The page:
The Incredible Hulk

The Incredible Hulk (2008) is the second installment of the MCU and acts as both a reboot of the Hulk cinematic presence as well as a loose sequel to Ang Lee’s Hulk (2003). It stars Edward Norton as Dr. Bruce Banner, a role that was recast with Mark Ruffalo for all consequent MCU films.

As I make my way through the entire MCU, I braced myself for The Incredible Hulk, aware of the stigma attached to it. I got the feeling that after Ruffalo’s successful portrayal of Banner/the Hulk in Joss Whedon’s The Avengers, Norton’s version of the Hulk was swept under the rug. I expected this to be the worst of the MCU, but I was pleasantly surprised. I was impressed with the first half of the film. The opening credits multi-task by summarizing Banner’s origins with the Hulk and his need to flee the United States. Once the film begins, no time is wasted on yet another origin story. The film starts with Banner in Brazil, trying to keep a low profile while also learning techniques to repress his anger. During the first act, Banner does not speak very much; the narrative is told mostly through visuals, which I found refreshing. I like to be engaged by the film without relying on dialogue to make up for creative deficiencies. As Banner makes his way back to the United States, he desperately wants to reunite with Betty Ross (Liv Tyler), but he finds her with another man, Leonard Samson (Ty Burrell). I find Banner’s and Ross’ relationship very organic in this film. He looks at her with such longing, and the second she sees him again after who knows how long, her face radiates the same longing. It’s during scenes between Banner and Ross where Craig Armstrong’s score truly shines. His music adds a depth to their relationship that I feel may shine brighter than pairings in the other MCU films. The first half of the film felt like a character study on Banner, whose portrayal by Norton was nuanced and sensitive. I enjoyed that the narrative was exploring his character through his time on the run, his relationship with Betty, and his incredible sense of self-control.

That being said, what follows cheapens the solid foundation set up in the beginning. Tim Roth plays a strange character, Emil Blonsky, who is hired to help contain Banner. After seeing the Hulk in action, he starts to lust for his power and ends up convincing General Ross (William Hurt) to expose him to some of the same radiation that was exposed to Banner. This doesn’t make much sense. General Ross is hellbent on containing Banner, to take his blood and make him a weapon and to keep him from unleashing terrible destruction — but he somehow thinks Blonsky may be able to control himself? Well, Blonsky ends up getting the full gamma treatment and becomes Abomination, making the last act basically a monster showdown. It’s a superhero film cliché becoming more prevalent, notably in Man of Steel. It’s so disappointing watching a sensitive and thoughtful set up unravel into a pit of convention and mediocrity.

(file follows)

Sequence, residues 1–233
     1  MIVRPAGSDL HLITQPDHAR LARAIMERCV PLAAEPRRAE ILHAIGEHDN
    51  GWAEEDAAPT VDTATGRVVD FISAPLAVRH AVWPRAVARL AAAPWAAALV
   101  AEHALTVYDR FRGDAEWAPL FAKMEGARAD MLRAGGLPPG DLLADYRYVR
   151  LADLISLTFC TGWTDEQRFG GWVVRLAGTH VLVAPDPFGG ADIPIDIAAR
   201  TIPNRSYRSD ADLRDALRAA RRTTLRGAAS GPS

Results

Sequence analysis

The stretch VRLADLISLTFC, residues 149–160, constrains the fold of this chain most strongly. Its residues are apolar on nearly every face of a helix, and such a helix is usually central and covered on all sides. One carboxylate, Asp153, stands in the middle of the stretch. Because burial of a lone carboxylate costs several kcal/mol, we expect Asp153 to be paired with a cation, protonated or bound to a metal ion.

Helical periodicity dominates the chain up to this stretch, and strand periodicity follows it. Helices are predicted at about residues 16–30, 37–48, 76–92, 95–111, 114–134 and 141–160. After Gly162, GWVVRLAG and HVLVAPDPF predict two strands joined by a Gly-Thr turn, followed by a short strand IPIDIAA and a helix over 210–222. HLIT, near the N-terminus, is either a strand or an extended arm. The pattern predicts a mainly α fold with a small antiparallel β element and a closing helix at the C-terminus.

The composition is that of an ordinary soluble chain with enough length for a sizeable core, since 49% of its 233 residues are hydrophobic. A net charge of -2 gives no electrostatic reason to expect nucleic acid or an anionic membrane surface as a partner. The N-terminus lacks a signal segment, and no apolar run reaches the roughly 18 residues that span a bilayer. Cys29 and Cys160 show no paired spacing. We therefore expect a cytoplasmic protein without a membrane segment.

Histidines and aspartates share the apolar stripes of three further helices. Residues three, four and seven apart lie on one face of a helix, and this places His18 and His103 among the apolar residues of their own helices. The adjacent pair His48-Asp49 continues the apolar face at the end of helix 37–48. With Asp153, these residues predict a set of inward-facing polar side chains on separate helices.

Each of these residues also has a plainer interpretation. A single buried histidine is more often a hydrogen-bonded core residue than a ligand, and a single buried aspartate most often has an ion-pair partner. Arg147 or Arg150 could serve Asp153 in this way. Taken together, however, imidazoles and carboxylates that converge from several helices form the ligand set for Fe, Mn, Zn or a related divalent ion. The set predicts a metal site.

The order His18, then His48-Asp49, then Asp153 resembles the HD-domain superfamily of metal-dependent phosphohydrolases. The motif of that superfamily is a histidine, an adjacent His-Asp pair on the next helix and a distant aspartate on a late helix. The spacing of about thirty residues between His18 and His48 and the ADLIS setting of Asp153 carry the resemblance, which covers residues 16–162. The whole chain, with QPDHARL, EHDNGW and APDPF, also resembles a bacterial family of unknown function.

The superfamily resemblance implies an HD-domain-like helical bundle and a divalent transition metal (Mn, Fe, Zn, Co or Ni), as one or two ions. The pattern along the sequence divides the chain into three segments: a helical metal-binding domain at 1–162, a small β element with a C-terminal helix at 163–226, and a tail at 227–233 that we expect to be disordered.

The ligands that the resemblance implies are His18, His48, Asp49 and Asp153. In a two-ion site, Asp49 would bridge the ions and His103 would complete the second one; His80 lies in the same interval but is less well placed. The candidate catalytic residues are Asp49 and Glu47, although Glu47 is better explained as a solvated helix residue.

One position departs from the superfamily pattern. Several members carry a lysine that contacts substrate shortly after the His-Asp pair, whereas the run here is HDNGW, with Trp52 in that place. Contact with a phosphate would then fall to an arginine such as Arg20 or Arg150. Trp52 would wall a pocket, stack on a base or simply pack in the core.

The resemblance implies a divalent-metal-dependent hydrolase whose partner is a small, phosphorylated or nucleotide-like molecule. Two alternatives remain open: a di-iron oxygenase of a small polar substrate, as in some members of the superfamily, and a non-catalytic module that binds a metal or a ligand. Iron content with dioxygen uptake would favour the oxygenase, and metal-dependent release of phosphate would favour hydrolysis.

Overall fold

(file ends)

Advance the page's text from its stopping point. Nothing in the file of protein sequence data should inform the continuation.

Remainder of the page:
Along those lines, it’s also disappointing to explore Norton’s Banner only to leave him forever. I didn’t see The Incredible Hulk before the Avengers films, so I feel connected to Ruffalo’s Banner — but I enjoyed seeing what Norton did. Despite all his professionalism problems, his work is marvelous and he brought a subtlety to a Marvel character that perhaps hasn’t been seen since. The next time I see The Avengers, I’ll wonder if Banner thinks about Betty.


Watching Alejandro Iñárritu’s Birdman (2014) is like watching a dream. The camera takes us on an uninterrupted journey through the St. James Theatre during opening week of Riggan Thomson’s (Michael Keaton) Broadway play. While there are some disguised cuts throughout the film, it looks and feels as though the entire film is one, long take. It’s incredible. It’s very engaging to watch, as if we’re a part of the action of the screen, or at least a fly on the wall in the theatre. It gives the illusion of a dream, because most films do not have that kind of pacing. It’s kind of like watching a play on the screen, but you get to mingle with the characters on stage. It’s a stunning idea, and it’s executed brilliantly.